Read the headlines or browse news stories these days and you’ll find all sorts of medically related topics. Cloning. Infertility. Test tube babies. Euthanasia. Stem cell research. Embryo adoption. Surrogacy. These are just a sampling, right? My journey through infertility and pregnancy loss has given me a front-row seat in some of the bioethics conversations—a seat I never would have pursued had my situation not demanded answers. I served on the board of an international consumer group for infertility patients, and I wrestled my way through “Why does God allow such suffering?” That journey led me to coauthor books on bioethical topics in partnership with a theologically-trained medical doctor and the Christian Medical Association. We also contributed chapters in some books and coauthored a related column for ten months. How do you and I navigate our way through complex medical issues? How do we process these topics through the grid of a truly Christian worldview (not to be confused with a political party’s)? Knowing that good men and women arrive at differing conclusions, what principles should guide our thinking? Hopefully you will find answers to some of those questions here.

Posts on Bioethics

On Beauty, The Senses, and Science

By | Bioethics, Life In The Body | No Comments

On Saturday, I organized some stacks of papers started before I got my PhD. The deadline has passed for blaming it on the busyness of school (I graduated in 2013!). In the stack I found some quotes I had saved that are worth sharing. . . .

C. S. Lewis in Mere Christianity:

There is no need to be worried by facetious people who try to make the hope of “Heaven” ridiculous by saying they do not want “to spend eternity playing harps.” All the scriptural imagery (harps, crowns, gold, etc.) is, of course, a merely symbolical attempt to express the inexpressible. People who take these symbols literally might as well think that when Christ told us to be like doves, he meant that we were to lay eggs.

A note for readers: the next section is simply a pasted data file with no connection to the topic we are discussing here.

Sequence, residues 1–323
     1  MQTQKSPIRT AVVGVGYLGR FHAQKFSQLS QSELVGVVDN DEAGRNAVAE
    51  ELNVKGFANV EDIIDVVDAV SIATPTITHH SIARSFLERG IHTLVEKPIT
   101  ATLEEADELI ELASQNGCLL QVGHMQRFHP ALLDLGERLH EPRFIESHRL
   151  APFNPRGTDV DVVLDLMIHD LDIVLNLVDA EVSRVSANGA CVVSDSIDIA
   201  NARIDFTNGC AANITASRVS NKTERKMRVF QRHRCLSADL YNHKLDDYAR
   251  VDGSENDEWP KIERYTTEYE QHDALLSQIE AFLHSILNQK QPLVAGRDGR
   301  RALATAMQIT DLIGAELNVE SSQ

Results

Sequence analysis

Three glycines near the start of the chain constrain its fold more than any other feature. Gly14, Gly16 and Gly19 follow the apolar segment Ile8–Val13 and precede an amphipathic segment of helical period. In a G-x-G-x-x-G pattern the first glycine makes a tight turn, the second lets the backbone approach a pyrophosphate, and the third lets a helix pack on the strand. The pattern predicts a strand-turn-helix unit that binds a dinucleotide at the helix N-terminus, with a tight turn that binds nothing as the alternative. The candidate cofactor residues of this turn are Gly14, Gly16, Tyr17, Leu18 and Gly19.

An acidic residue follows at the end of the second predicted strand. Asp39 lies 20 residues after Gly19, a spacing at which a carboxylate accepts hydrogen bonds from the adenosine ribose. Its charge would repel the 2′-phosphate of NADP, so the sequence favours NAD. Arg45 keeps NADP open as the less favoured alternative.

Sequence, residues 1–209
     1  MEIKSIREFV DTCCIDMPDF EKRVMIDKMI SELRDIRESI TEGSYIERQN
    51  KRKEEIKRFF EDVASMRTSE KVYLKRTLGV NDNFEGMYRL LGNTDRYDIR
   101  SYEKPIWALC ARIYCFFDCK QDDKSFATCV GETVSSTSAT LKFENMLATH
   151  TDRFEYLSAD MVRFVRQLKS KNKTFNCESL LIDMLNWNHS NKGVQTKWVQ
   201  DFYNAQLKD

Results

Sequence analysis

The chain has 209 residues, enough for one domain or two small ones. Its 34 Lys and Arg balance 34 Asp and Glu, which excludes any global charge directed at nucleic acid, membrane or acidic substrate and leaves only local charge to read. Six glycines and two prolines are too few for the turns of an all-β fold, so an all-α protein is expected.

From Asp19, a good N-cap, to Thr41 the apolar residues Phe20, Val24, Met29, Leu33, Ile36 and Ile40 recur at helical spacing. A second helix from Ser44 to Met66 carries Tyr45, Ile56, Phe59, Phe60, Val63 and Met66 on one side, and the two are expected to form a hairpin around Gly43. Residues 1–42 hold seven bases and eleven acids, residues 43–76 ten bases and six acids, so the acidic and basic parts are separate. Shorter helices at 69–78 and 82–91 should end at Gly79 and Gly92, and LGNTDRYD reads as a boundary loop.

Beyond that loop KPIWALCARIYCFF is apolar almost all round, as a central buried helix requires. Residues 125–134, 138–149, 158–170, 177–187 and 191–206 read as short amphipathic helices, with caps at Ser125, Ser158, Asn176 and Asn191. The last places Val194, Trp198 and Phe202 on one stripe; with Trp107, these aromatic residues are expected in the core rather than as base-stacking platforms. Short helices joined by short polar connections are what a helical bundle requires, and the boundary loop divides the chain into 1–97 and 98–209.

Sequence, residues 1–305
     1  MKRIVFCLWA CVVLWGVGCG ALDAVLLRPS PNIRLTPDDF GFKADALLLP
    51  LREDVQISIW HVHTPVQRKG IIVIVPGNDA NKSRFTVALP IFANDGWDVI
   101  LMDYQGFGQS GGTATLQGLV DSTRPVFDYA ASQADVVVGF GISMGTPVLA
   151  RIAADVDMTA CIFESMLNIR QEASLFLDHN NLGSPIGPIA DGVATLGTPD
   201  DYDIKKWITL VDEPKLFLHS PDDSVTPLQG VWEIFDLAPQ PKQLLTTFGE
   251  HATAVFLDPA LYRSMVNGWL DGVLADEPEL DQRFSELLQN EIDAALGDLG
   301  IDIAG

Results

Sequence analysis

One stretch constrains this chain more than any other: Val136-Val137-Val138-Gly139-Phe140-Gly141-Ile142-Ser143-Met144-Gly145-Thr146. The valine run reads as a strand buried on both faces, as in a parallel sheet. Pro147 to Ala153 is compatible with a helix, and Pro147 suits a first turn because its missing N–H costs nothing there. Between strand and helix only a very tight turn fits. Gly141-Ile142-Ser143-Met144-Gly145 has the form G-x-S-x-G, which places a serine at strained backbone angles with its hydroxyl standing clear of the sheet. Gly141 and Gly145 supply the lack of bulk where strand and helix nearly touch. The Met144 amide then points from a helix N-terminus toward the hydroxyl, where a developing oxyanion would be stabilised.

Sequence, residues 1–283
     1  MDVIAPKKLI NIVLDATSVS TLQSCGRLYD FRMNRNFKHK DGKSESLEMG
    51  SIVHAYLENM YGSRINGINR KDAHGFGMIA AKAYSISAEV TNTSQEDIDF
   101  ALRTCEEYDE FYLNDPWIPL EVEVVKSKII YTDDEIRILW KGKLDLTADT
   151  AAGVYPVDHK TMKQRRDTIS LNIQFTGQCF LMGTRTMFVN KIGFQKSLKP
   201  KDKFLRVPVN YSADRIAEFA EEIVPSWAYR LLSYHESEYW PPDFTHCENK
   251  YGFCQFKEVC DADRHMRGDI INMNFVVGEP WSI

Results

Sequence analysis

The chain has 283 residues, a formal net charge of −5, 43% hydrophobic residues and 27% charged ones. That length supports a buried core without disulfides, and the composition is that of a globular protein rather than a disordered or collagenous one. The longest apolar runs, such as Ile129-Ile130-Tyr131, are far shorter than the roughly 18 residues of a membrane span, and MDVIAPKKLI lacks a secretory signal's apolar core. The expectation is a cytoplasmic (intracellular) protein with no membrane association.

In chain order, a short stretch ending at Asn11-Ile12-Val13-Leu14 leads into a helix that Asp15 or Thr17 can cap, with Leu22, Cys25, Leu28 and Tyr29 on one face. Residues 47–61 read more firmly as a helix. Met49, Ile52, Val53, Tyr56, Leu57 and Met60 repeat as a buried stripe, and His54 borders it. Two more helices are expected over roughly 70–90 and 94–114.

C. S. Lewis in Transposition and Other Addresses:

How far the life of the risen [human] will be sensory, we do …

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When Mother’s Day Never Comes

By | Bioethics, Infertility | 6 Comments
easter 1960

I’m thankful for my own mother who, when I miscarried, wrote, “We are both grieving for our children.”

Often the worst day of the year for an infertile woman is Mother’s Day. On this holiday going to a house of worship can feel more like going to the house of mourning.

During the decade when my husband and I experienced infertility treatment, lost multiple pregnancies, and endured three failed adoptions, I found it difficult enough to see all the corsages on M-Day. But then the pastor asked mothers  to stand, and I remained conspicuously seated. Some years the worship leader would even call for the youngest mother to stand, and then he smiled awkwardly as a sixteen- or seventeen-year-old unmarried teen got to her feet. On such occasions I would sit wondering about God’s mysterious ways of supply and demand. Following most such services, each mother would receive a carnation …

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Bioethics in the News

By | Bioethics | No Comments

New Test Can Predict Cancer More Than a Decade Before Diagnosis

The Telegraph reported that scientists at Harvard and Northwestern University have devised a test that can predict with 100% accuracy whether a person will develop cancer up to 13 years in the future, as changes are already taking place on chromosomes more than a decade prior to diagnosis.

New Drug Info Made Public

The New York Times reports that Medicare has released detailed data on prescription drug use in the USA.  The data was the most detailed breakdown ever provided by government officials about the prescription claims of Medicare beneficiaries.

Couple Fighting Over Frozen Embryos

(New York Times) “Our frozen embryos have a right to live,” says Sofia Vergara’s ex-fiancé. Last August he filed a complaint in Santa Monica, Calif., using pseudonyms, to protect two frozen embryos the couple created.

NIH Reiterates Ban on Editing

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